#863 Mom & Me

I look and sound like my Dad.  I have a lot of his mannerisms, our gait is similar, and I have learned a ton from him.  Inside out though, the more significant part of my persona comes from my Mom.

I'm blessed to have them both close to me and in good health but yesterday was Mother's Day so let me share a bit about my Mom and how so many of her lessons shaped the beliefs that have led me here to study the nuances of people and the way that we communicate.

My Mom always looked at me with a smile and kind eyes.  If I were a cartoonist and had to draw a bubble over Mom's head when she looked at me the way she did when I was a boy it would have said, "Even when your kind of goofy, ill-behaved, or weird I find it endearing and I love you."

Mom always had confidence in me.  In the second grade when I came home with unsatisfactory grades, Mom looked at the report card and said, "You're obviously bored in that class.  We will have to have you moved to a more challenging class that is more on your level." And she did.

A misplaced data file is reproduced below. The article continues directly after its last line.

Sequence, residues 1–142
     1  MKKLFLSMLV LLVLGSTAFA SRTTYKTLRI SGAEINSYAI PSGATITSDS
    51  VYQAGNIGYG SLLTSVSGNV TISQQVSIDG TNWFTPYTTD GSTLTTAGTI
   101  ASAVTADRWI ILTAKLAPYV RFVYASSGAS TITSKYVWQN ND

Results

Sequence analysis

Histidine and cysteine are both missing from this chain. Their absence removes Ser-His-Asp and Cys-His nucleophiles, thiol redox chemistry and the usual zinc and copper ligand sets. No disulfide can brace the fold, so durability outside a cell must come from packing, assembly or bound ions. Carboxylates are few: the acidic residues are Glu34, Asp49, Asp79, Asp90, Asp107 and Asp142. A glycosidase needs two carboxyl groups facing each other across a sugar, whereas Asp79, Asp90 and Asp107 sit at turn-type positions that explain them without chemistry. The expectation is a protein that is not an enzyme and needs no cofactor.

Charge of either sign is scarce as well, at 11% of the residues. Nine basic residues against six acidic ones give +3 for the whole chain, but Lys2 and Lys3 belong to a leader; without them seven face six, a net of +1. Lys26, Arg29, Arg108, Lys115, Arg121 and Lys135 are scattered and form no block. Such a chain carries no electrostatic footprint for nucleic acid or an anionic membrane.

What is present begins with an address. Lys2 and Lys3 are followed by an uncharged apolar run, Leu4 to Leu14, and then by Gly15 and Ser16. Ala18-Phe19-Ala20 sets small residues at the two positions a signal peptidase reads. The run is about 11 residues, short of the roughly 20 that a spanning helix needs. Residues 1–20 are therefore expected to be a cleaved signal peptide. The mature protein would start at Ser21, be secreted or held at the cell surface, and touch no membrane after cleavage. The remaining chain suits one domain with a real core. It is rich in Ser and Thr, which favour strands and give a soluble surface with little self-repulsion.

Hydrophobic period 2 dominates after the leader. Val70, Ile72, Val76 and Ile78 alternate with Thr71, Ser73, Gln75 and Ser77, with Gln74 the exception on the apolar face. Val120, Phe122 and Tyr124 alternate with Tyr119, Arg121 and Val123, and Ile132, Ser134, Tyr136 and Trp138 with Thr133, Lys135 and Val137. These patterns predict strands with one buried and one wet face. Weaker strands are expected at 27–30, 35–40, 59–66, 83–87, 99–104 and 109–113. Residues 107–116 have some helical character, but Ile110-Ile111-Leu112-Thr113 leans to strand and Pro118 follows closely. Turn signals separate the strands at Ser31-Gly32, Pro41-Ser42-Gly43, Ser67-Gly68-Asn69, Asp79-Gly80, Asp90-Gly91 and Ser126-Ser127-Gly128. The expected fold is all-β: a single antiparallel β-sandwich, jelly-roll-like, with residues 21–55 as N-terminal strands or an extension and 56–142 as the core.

Around that same time, first or second grade, I remember walking through the neighborhood with Mom.  At the end of our block lived an old woman, Mrs. Mack.  Mrs. Mack was flat out miserable.  When mom and I walked past Mrs. Mack sitting on her stoop, Mom would smile and wave and offer a big hello, and she always made me join in.  Mrs. Mack would usually just offer a cold stare or, if we were lucky, she'd nod her head and grunt a bit.

I asked Mom why we kept saying hi when Mrs. Mack was so unreceptive, and Mom taught me two great lessons.  "First of all," she said, "Mrs. Mack doesn't get to decide how we behave.  We're friendly people, and when we see our neighbors, we smile and say hello regardless of how they receive it.  Secondly, who knows why Mrs. Mack is so unhappy? Perhaps she's suffered more than her share of tragedy, and if we smile and wave enough, over time, we might help her to be happier."

That day is the earliest memory I have of forming two of the foundational beliefs I try to live by.  First, I set the tone in my life; I make the weather.  It's never about what happens to me and always about how I respond.  The second, long before I read Covey, and the seven habits is that "You don't know what you don't know" and you should be compassionate rather than judgmental.

These early incidences and further lessons throughout my life formed the foundation on which I built my belief system and, eventually, my career.

Happy Mother's Day to all the Mom's out there molding young clay, every day.  None of us would be who we are without you.

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